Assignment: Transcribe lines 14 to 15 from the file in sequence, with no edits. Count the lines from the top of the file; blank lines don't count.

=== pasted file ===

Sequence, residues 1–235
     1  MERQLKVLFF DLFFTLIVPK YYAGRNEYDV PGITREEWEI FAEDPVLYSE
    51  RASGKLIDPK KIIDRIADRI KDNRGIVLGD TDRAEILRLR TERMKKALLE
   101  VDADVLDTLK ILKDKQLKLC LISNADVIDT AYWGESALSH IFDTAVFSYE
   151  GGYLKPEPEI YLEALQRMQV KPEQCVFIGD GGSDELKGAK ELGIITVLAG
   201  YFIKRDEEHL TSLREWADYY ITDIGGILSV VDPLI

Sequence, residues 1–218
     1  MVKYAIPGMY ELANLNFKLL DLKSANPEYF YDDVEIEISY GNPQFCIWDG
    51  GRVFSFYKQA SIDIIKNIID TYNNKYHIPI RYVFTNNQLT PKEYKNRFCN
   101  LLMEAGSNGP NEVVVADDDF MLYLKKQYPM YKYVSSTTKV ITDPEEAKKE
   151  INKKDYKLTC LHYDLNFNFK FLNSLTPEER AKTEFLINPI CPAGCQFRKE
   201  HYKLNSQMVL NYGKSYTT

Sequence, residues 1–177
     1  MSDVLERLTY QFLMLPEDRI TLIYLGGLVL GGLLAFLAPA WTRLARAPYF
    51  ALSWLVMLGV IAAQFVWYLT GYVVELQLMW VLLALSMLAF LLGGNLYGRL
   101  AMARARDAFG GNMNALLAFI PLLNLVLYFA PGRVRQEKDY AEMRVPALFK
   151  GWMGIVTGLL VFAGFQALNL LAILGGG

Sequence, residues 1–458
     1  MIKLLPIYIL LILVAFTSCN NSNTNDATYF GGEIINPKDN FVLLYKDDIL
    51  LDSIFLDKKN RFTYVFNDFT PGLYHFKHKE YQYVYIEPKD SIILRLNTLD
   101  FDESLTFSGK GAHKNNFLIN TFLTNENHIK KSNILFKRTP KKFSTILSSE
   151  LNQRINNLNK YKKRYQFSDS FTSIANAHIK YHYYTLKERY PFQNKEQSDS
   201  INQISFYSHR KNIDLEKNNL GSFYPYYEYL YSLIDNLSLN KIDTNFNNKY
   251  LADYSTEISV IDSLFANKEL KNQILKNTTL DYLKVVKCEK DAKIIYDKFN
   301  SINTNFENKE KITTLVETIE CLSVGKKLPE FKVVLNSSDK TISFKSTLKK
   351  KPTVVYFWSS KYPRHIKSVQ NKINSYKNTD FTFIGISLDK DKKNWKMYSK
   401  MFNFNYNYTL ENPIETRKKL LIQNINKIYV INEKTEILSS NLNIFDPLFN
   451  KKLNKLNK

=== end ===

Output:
     1  MSDVLERLTY QFLMLPEDRI TLIYLGGLVL GGLLAFLAPA WTRLARAPYF
    51  ALSWLVMLGV IAAQFVWYLT GYVVELQLMW VLLALSMLAF LLGGNLYGRL